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Replacing wheels with legs may help rovers to navigate ice, sand and other surfaces more easily on Mars and other planets

Feifei Qian

Today NASA uses wheeled rovers to navigate the surface of Mars and conduct planetary science, but recently funded research involving Texas A&M University scientists will test the feasibility of new surface-exploration technology: legged robots.

Ryan Ewing, Robert R. Berg Professor in the Department of Geology and Geophysics at Texas A&M, and Marion Nachon, associate research scientist in geology and geophysics, are co-investigators on the three-year, $3-million research project funded by NASA and led by Feifei Qian, a WiSE Gabilan Assistant Professor at the University of Southern California Viterbi School of Engineering. The aim of the research is to create and test legged robots that could more easily glide through icy surfaces, crusted sand and other difficult-to-navigate environments, thus significantly enhancing scientists’ abilities to gather information from planetary bodies.

While the Mars Exploration Rovers and other robots have been successfully sent into space, they typically operate based on pre-programmed agendas that require human scientists and engineers to input detailed instructions regarding where to go and what to do prior to the robots’ arrival at the planet. As a result, when the robot encounters unexpected scenarios or discovers interesting measurements, it has limited capabilities to adapt its plan. This can hinder how robots and rovers navigate new environments or even cause them to miss scientific opportunities.

Ewing says that enhanced understanding of how to integrate robotics technology with both planetary science and cognitive science will improve robot-aided exploration of planetary environments. This project aims to test next-generation, high-mobility robots that can agilely move through planetary surfaces and flexibly support scientific exploration goals.

“We will conduct this research in two key planetary analog sites that present well-defined gradients in soil types from crusty sand at White Sands Dune Field, New Mexico to icy rock mixtures at Mt. Hood, Oregon,” Ewing explained. “Our objective is to integrate high-mobility legged robots with embedded terrain-sensing technologies and cognitive human decision models to study the geotechnical properties of these soils.”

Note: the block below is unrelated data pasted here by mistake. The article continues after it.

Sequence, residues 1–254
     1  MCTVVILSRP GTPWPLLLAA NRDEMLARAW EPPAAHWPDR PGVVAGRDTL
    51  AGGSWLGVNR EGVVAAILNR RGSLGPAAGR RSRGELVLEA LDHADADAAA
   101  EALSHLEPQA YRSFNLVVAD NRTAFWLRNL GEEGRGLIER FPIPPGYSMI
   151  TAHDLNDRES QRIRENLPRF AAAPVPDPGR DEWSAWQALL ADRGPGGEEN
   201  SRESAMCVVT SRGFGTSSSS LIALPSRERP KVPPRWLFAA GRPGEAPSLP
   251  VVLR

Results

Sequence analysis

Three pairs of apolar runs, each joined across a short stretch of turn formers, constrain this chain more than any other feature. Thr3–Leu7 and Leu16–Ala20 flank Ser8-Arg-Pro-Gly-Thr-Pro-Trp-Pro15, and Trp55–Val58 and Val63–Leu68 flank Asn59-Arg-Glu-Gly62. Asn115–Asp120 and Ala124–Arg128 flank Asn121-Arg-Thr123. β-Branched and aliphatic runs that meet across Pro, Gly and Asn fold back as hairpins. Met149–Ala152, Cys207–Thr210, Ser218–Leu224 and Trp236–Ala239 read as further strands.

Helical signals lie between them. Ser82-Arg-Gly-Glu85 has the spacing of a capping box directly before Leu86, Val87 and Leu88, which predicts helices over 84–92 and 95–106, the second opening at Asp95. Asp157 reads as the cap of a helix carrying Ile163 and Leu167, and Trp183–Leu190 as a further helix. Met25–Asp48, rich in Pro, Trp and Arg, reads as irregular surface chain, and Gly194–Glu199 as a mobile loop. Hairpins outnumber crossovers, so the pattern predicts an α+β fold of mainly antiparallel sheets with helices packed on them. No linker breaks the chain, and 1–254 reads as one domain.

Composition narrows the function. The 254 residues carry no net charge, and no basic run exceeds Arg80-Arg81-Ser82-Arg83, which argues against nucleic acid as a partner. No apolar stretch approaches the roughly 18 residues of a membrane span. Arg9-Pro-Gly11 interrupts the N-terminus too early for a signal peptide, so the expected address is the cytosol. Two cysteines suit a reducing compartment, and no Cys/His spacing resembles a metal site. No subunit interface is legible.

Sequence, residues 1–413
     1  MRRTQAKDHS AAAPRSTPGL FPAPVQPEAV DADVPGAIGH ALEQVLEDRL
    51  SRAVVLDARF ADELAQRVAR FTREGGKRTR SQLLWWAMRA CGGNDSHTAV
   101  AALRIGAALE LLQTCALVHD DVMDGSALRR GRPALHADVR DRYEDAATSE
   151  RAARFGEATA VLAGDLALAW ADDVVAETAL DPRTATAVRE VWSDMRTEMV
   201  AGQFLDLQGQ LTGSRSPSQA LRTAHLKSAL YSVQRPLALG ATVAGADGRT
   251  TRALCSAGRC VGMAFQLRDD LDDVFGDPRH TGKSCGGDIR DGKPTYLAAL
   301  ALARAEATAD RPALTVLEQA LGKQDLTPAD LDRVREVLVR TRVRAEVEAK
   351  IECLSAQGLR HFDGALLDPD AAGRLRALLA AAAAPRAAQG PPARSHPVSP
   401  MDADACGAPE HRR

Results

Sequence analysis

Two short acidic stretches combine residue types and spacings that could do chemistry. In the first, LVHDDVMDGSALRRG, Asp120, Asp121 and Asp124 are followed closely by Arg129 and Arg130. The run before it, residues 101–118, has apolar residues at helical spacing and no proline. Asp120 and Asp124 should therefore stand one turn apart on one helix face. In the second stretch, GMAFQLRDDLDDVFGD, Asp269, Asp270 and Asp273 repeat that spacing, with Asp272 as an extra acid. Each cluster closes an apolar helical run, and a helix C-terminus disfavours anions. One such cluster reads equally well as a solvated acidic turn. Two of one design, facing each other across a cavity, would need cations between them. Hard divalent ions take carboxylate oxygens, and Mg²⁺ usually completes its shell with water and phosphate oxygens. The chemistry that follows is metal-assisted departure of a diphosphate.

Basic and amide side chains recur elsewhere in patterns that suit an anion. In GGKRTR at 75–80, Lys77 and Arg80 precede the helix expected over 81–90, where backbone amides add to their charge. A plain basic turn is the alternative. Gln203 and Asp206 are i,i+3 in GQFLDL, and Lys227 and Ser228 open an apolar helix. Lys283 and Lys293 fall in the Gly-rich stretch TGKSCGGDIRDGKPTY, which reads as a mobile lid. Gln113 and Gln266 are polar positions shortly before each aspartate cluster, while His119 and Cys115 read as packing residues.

The project employs “bio-inspired” robots with legs, meaning their form is modeled after animals’ unique abilities to move well on challenging surfaces like soft sand. Utilizing the latest “direct-drive” actuator technology, these robots can “feel” the terrain (e.g., sand softness and rock shapes) through their legs. This ability allows the legged robots to interact with the environment in the same manner as animals, adjusting their movement as needed.

As Qian puts it, these robots are modeled in a manner that allows them “to not just mimic how the animals look, but really understand what makes these animals successful on different terrains.”

The ability to “feel” the terrain using legs also allows these legged robots to easily gather information about the environment as they move around and adjust exploration strategies based on this information.

“We’ll be working to determine how the friction and erodibility of different soils is affected by surface crusts, rock-covered soils and ice content,” Ewing explained. “We will deploy the direct-drive legged robots to map soil strength at two sites that are like landscapes on the Moon, Mars and other worlds. We will simultaneously measure environmental parameters that control soil strength, including particle size and shape, soil moisture, chemical composition and ice content.”